I recently read a posting concerning pregnancy and unwed couples in the Black community titled “How Do You Get Pregnant By Accident (It’s Your Fault)” and felt like I, as someone who fits into this group of unwed mothers, needed to respond to what I feel are many assumptions and inaccuracies the author makes.
I understand not everyone is going to read the article, but it basically asserts that with as many options available for birth control and contraception that laziness is the only reason for women to have unplanned pregnancies. The posting also, in the vein of the typical older Black religious opinion, suggests that marriage out of wedlock is something that should be shunned.
I knew upon telling my parents (devout Christians, although me and my siblings have for the most part strayed away from our Baptist upbringing) that after their initial shock and disappointment the next logical step for them would be to suggest marriage. While B and I have been in a committed relationship for nearly 4 years I knew that there were a few reasons that I was going to add to the disappointment and not yield to their wishes of getting married. I did not want to be rushed/forced into marriage because I was pregnant. If it wasn’t an option that we were considering before pregnancy I don’t know why we would rush into it simply because of a child. Secondly (and this is purely a selfish reason,) while I don’t dream of an extravagant fancy wedding I do have some sort of idea of a ceremony that I have fantasized about planning since I was a little girl. Having a wedding ceremony that I envisioned is just not possible now and I definitely would not feel as beautiful as I think a bride should while attempting to hide a baby bump.
While I won’t go so far as others to say that the institution of marriage is antiquated, especially for Americans with high divorce rates, I would rather be 100% sure of my decision. I constantly feel the weight of this decision–most recently at our birthing class when the instructor kept referring to B as my husband and then one session noticed my lack of wedding ring and as a devout Catholic felt the need to cluck her disapproval. I shrugged it off, but it is a common judgement people often make. While I do agree with poster “Da Throne” about teen pregnancy needing to be made less acceptable I do not feel that trying to embarrass or placing the “scarlet letter” on unwed mothers is the way to go about it.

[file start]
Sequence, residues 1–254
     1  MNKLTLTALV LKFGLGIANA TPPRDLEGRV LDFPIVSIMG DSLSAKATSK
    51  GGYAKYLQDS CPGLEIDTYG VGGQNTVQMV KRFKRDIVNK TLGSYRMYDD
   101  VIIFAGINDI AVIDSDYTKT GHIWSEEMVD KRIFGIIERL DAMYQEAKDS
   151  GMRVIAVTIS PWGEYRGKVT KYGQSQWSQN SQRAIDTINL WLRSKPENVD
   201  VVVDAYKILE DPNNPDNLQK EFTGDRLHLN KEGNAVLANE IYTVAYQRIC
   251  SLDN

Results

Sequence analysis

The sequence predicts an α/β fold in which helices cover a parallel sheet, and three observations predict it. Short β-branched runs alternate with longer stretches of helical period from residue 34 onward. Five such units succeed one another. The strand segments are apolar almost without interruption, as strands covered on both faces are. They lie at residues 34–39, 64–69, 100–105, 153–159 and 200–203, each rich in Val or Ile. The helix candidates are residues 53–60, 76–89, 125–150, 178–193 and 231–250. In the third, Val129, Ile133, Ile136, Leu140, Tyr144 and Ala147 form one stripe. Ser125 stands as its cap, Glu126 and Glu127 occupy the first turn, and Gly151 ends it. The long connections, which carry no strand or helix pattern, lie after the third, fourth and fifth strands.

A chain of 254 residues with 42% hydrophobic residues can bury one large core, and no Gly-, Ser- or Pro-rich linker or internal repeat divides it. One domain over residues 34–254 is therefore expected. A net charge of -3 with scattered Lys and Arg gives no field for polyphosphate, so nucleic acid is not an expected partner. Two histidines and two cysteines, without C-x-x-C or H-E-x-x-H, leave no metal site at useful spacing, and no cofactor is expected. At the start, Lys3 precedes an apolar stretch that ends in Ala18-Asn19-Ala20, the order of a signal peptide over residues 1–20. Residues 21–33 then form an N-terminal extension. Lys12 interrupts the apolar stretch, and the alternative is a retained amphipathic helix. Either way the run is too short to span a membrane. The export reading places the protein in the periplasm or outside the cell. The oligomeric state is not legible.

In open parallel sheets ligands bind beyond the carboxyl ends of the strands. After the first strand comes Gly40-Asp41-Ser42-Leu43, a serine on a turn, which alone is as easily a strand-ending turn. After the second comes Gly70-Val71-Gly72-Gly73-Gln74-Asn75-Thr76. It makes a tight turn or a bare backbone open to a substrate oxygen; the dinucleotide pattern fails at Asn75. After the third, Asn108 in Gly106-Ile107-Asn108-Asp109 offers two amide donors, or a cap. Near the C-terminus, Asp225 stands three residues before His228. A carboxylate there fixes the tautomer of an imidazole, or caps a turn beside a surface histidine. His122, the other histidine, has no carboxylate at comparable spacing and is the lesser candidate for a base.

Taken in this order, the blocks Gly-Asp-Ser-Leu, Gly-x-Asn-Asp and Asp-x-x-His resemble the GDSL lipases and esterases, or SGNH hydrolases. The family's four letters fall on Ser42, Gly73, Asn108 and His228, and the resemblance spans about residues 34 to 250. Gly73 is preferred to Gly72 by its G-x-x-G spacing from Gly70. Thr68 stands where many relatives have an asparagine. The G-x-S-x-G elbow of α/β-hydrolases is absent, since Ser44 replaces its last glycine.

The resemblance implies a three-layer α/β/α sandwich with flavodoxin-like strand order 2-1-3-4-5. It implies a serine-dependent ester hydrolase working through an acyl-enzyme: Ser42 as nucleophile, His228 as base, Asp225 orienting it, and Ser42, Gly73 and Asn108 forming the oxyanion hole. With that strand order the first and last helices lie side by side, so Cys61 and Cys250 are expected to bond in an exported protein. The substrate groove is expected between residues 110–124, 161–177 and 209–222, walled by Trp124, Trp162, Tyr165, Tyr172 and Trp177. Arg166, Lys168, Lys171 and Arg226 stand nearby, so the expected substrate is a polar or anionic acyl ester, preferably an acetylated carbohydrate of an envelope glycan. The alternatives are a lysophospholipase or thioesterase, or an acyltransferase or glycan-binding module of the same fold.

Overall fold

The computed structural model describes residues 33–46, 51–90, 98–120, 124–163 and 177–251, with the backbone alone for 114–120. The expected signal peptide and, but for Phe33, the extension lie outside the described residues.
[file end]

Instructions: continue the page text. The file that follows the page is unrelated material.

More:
I do think that with the prevalence of contraceptives and birth control there needs to be a higher accountability for BOTH men and women. Many pregnancies are due to negligence of BOTH men and women, single motherhood however is less about negligence than accountability for men (completely separate post though). Pregnancy is not a one way street! But as a former teacher who has seen young parents birth children who in turn become young parents it should be obvious that children need to be informed and educated about sex and their various options. I know this is treading into murky and controversial waters, but in many communities (low income and otherwise) proper knowledge of sexual protection and contraception is often not addressed in the home. As a teenager sex was a taboo subject in my household and I had to have a quick learning curve when I got to college.
While I was indeed on birth control when I got pregnant, as was my older sister when she got pregnant, I apparently either am part of the 0.00000001% who birth control fails or inadvertently took my pill incorrectly. (My mother seems to think as a family we are particularly fertile, although I don’t know the validity of this claim.) Regardless, I refuse to be embarrassed of the fact that I am an unwed expectant mother. I have made that choice consciously. While I consider myself to be different than many of the typical characterizations of unwed pregnant women, I think the general “shame on you” condescending tone of the man writing the post is unnecessary. I agree that the rate of teenage mothers needs to be curbed, but I think that shaming and embarrassing young women is the least productive way to go about accomplishing this.